Gfk MRI: Falling Behind On Buying Green.

16 04 2012

In new research issued by Gfk MRI, people’s interest in making small sacrifices for environmentally responsible products continues to slip away.  No doubt the punishing impact of the recession and stagnant employment market have forced many consumers to make a Sophie’s Choice over green products.  But the research further underscores the lack of inspiration that marketers have been able to generate for sustainable brands.

Data from the last five years reports that consumers are now less likely to give up convenience or pay more for green products.

  • The percentage of adults who report “I am willing to pay more for a product that is environmentally safe” declined 13%, from 60% to 52%, in the last five years.
  • The percentage of U.S. adults who agreed with the statement “I am willing to give up convenience in return for a product that is environmentally safe” declined 16% in the past five years, from 56% in 2007 to 47% in 2011.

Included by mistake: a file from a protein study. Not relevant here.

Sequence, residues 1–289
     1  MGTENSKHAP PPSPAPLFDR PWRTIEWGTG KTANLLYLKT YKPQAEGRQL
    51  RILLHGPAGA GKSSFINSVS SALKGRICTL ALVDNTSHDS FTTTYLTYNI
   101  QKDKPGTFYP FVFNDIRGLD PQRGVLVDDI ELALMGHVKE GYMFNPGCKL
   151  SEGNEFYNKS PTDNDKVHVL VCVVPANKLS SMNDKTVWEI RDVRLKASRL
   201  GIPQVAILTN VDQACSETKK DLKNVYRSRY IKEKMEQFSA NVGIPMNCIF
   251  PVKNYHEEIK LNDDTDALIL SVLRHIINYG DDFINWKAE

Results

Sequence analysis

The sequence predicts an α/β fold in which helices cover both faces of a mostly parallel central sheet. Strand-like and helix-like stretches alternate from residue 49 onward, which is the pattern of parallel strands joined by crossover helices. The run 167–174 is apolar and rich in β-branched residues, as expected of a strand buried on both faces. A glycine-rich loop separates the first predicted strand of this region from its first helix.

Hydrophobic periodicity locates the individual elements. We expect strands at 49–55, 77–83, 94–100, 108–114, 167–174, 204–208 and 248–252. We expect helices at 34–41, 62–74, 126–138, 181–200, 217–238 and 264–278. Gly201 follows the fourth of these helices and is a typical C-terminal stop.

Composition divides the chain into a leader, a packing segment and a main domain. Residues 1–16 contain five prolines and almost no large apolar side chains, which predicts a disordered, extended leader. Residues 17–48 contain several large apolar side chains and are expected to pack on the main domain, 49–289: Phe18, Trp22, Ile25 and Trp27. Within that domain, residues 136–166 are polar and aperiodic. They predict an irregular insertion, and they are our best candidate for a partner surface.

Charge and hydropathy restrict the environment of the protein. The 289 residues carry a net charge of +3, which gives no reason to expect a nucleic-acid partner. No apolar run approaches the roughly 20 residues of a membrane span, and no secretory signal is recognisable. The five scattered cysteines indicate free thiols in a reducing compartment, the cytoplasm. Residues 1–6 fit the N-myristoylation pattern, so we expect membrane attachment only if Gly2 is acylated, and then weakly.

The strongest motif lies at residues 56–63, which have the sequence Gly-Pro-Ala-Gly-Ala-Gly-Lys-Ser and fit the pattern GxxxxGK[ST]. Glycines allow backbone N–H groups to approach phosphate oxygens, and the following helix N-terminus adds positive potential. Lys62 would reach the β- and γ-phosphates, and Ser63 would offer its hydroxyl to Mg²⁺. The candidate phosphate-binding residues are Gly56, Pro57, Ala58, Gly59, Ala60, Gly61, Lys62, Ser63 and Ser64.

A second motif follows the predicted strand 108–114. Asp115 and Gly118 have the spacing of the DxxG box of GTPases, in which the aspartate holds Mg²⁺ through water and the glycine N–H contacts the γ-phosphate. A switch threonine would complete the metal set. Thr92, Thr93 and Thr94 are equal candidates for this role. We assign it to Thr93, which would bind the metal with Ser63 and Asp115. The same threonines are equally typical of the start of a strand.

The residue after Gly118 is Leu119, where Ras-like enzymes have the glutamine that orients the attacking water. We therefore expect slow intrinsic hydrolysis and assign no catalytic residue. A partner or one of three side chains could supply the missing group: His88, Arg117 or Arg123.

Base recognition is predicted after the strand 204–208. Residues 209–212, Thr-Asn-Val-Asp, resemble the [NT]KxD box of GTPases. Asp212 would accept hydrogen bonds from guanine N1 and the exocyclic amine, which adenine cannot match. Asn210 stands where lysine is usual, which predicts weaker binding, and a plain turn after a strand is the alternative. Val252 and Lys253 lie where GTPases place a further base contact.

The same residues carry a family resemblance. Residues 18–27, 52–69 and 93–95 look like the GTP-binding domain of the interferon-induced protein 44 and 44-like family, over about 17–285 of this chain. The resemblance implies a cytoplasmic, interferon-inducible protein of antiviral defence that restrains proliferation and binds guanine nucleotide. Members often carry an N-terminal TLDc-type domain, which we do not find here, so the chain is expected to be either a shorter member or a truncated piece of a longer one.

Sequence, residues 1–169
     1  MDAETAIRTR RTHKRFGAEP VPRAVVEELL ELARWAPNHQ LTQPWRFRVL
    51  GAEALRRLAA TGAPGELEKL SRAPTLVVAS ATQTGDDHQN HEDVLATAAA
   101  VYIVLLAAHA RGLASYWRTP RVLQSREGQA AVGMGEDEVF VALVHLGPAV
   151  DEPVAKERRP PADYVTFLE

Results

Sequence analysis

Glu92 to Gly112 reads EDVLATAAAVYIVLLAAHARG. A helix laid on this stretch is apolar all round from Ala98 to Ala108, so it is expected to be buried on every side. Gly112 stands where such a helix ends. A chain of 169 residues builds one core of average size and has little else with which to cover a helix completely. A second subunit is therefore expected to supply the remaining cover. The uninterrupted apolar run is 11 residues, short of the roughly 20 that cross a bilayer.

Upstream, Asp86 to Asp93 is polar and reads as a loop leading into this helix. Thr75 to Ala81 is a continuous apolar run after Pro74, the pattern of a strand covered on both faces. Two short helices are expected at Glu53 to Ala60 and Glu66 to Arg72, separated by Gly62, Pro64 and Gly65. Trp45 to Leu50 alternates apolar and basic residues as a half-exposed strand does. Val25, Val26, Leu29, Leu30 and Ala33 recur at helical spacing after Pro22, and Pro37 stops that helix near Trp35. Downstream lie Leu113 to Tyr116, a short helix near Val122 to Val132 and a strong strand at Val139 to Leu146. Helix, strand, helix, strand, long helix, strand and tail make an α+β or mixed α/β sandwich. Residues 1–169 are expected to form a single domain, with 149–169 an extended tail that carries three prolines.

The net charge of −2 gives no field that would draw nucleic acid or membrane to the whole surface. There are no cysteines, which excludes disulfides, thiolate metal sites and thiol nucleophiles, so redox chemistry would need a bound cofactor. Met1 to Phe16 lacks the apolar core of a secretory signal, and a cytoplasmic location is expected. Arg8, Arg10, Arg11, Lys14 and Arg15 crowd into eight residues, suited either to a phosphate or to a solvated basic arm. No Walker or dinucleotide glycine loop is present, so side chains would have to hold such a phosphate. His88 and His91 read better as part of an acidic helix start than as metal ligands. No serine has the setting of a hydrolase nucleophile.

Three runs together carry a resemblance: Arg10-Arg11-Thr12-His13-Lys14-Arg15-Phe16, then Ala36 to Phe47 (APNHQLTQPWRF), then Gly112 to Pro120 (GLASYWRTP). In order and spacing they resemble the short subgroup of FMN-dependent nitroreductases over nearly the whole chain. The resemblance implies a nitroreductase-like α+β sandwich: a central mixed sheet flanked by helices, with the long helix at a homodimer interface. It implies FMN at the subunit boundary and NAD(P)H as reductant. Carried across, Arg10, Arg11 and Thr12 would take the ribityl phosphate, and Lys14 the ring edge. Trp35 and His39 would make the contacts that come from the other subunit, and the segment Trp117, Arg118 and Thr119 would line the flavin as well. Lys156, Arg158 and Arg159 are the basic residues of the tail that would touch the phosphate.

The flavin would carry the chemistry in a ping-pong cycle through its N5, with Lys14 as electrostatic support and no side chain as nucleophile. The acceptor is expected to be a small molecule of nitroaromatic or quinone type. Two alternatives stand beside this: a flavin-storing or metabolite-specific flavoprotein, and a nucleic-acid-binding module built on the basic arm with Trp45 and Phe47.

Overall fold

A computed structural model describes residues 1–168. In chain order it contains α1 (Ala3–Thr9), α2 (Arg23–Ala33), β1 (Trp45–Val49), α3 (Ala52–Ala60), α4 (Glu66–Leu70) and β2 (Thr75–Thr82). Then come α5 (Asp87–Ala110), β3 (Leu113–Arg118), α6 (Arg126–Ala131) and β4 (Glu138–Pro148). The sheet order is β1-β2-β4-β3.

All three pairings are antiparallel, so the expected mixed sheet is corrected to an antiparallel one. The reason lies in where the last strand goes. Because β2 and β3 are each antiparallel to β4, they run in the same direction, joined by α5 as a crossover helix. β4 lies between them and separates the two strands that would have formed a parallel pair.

Only Millennials (people aged 18-24) are the only adult age group whose willingness to give up convenience or pay more for green products has held steady over the past five years. In addition, 53% of consumers aged 18-24 recycle products and 4% participated in environmental groups/causes in the past 12 months.  At least there is some hope from this audience of young adults to accept responsibility for sustainable behavior moving forward.

While 65% of American adults agree with the statement “preserving the environment is very important,” according to the Survey of the American Consumer, evidently the job of preserving is for someone else.  Only 22% of consumers who remodeled their homes in the last 12 months said they used environmentally friendly/”green” products for their renovation.

The top three environmentally friendly products purchased by U.S. adults are light bulbs (18%), paper towels (12%) and laundry detergent (11%).  Big deal.

As more and more leading global companies invest in sustainable strategies and are adopting practices with long-term environmental health in mind, it is incumbent on marketers in those organizations to create consumer awareness, appreciation and adoption of these strategies.  This data suggests we are falling behind instead of moving forward.

Original post on Sustainable Brands

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